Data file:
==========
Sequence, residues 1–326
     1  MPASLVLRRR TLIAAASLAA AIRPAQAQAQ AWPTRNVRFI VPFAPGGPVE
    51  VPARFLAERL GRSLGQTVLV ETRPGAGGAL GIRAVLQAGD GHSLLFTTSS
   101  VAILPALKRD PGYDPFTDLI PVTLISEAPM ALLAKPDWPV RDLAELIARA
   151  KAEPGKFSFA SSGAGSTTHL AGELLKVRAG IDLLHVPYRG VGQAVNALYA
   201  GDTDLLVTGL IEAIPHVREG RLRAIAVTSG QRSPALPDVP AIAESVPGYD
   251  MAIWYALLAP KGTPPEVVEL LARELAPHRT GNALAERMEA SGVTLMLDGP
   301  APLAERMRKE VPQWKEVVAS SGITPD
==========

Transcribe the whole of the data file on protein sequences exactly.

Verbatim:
Sequence, residues 1–326
     1  MPASLVLRRR TLIAAASLAA AIRPAQAQAQ AWPTRNVRFI VPFAPGGPVE
    51  VPARFLAERL GRSLGQTVLV ETRPGAGGAL GIRAVLQAGD GHSLLFTTSS
   101  VAILPALKRD PGYDPFTDLI PVTLISEAPM ALLAKPDWPV RDLAELIARA
   151  KAEPGKFSFA SSGAGSTTHL AGELLKVRAG IDLLHVPYRG VGQAVNALYA
   201  GDTDLLVTGL IEAIPHVREG RLRAIAVTSG QRSPALPDVP AIAESVPGYD
   251  MAIWYALLAP KGTPPEVVEL LARELAPHRT GNALAERMEA SGVTLMLDGP
   301  APLAERMRKE VPQWKEVVAS SGITPD